For two positions so similar, it's remarkable how Alonso's performance differs between the two.
At left-back, he seems slow, often defensively weak, and unable to utilise his greatest quality, his eye for goal. At wing-back, it plays into his hands almost perfectly. His faults are covered by a third centre-half, and he's able to display his unerring finishing in front of goal.
Since his arrival at Chelsea in 2016, no defender has scored more Premier League goals than Alonso, and his transformation from a relative nobody at Bolton and Sunderland, to a key component of Antonio Conte's title winning side is incredible.
That year he scored six and assisted three from left wing-back, with the reinvigorated Victor Moses on the opposite flank. The pair were crucial in Chelsea's attack, allowing the likes of Eden Hazard and Pedro to drift infield to devastating effect, whilst the side kept options out wide.
His role in Conte's side was almost akin to Jorginho' role in Maurizio Sarri's tenure; Alonso was the missing piece from Chelsea's early 2016/17 season puzzle.
His 3.4 tackles and interceptions per 90 that season is only 0.2 less than Ben Chilwell and Andrew Robertson make combined this year (3.6 per 90), showing that in his prime, he was a more than competent defender.
His 1.5 shots per 90 in 2016/17 is in fact more than Chilwell and Robertson comined this year (1.4), and his threat down the left flank was unrivalled in the Premier League.
Despite that attacking endeavour, Alonso was slowly fazed out of the side once Conte left the club, making 31 Premier League starts under Sarri in 2018/19, 15 under Frank Lampard in 2019/20, and just three before Tuchel's arrival at Stamford Bridge.
Lampard didn't rate Alonso, it was clear to see. Sergio Reguilon, Nicolas Tagliafico and Chilwell, among others, were all rumoured summer targets, and even before Christmas in his first year as boss, Lampard wanted to get rid of Alonso.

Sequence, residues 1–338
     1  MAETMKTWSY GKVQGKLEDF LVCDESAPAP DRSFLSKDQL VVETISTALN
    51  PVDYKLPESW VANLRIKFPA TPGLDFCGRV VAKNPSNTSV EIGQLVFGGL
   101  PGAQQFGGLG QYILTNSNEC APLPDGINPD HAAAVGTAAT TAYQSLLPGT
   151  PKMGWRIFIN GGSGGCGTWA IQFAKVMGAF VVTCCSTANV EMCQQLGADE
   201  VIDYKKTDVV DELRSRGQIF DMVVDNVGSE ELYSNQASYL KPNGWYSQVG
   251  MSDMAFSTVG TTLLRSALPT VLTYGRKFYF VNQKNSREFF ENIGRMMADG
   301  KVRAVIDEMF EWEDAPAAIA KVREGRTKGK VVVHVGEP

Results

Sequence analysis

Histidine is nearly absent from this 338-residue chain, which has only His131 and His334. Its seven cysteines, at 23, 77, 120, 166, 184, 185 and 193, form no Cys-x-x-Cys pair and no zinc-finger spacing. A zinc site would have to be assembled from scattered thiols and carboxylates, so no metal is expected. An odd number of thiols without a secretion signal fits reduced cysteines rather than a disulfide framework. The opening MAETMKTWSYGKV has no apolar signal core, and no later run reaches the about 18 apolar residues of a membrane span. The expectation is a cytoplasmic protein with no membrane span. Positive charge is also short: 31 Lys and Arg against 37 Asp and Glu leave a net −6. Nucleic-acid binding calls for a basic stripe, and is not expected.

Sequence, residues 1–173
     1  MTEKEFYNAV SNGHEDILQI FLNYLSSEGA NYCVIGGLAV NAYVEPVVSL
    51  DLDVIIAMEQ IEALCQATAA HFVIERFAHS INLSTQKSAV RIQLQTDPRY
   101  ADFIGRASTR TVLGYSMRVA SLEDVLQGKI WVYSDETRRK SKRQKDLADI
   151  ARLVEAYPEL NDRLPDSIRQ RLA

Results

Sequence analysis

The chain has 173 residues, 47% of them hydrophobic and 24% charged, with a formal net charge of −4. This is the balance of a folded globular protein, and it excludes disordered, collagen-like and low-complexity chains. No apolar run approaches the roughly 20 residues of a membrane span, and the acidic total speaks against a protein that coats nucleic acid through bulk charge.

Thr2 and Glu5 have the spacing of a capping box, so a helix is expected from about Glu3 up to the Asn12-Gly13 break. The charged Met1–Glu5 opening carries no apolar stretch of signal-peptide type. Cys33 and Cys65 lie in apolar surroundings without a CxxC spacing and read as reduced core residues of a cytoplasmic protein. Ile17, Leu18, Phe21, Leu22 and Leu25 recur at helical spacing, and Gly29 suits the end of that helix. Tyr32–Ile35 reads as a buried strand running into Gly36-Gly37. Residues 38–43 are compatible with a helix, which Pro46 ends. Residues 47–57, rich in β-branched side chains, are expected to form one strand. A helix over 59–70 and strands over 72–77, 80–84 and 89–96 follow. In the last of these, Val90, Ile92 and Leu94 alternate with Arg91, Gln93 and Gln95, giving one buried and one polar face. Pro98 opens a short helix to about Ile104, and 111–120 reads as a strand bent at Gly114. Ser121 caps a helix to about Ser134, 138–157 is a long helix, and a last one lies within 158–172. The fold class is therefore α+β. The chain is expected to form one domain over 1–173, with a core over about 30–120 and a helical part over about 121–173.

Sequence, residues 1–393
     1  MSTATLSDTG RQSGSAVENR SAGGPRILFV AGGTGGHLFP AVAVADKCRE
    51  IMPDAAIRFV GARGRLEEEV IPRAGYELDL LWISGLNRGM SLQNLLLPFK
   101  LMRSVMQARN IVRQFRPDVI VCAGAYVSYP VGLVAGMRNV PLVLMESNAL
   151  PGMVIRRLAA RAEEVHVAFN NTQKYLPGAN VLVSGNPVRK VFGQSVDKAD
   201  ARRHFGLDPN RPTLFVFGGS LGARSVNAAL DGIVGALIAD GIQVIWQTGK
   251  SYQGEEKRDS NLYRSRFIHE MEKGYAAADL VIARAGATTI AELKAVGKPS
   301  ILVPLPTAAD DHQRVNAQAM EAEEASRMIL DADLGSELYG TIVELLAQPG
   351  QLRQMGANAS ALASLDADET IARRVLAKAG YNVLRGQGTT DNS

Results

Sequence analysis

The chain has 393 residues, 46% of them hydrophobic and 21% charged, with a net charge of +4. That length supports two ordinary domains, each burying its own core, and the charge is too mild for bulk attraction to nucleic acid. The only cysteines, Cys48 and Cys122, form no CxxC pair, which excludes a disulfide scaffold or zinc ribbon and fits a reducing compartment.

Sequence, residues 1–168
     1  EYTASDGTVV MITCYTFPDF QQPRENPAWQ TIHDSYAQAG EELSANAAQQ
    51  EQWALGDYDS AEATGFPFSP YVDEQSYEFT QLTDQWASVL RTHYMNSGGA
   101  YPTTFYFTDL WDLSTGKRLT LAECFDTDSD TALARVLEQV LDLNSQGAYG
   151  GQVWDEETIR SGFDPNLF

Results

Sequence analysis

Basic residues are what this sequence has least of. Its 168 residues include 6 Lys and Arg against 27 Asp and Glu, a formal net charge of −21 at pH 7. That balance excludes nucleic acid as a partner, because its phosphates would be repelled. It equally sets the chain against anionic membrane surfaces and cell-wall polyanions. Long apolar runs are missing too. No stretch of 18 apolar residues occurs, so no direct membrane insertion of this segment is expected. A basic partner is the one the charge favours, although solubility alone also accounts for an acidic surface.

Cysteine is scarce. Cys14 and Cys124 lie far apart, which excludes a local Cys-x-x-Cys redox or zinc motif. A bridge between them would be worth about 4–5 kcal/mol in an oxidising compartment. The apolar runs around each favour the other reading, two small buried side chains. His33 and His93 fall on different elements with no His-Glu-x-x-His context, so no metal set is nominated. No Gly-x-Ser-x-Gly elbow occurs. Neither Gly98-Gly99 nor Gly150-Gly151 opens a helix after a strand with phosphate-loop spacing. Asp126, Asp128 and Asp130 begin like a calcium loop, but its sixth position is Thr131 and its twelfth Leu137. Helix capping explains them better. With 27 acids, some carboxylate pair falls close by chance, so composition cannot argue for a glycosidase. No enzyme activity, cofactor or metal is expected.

Despite Chilwell's £50m arrival, Alonso and Emerson rotated at the start of the season due to the Englishman's injury issues, but Alonso's performance and reaction at being hooked at half-time against West Brom proved to be the final straw for Lampard, who turned to now fully fit Chilwell to solve Chelsea's left-back issue.
With two goals and four assists in the league this season, Chilwell has been able to maintain Alonso's threat in the final third, whilst providing far more defensive solidity to a side who conceded 54 goals in 2019/20.
However, the sacking of Lampard and arrival of Tuchel has appeared to provide the outcast Alonso with a second chance in Chelsea blue.
Tuchel has been a long-time admirer of Alonso, and like Jorginho, it's been no surprise to see his reintroduction to the team.
Although he missed out in Tuchel's opener against Wolves, he started in his favoured left wing-back role when Chelsea faced Burnley, and scored the second goal with an exquisite touch and volley to seal the points.
In a game of total Chelsea dominance, Alonso slotted in perfectly, and whilst it wasn't a vintage display from the 30-year-old, with two shots, zero key passes and only one tackle, he's not played since September, so rustiness is to be expected.
However, to score on your comeback was the perfect response Tuchel would've wanted from him, and the battle between him and Chilwell for the slot on the left is well and truly on.
To bench a £50m signing is a statement of intent from Tuchel, but his admiration of Alonso, and the Spaniard's goal against Burnley, means the Conte favourite looks set to be back in favour at Stamford Bridge.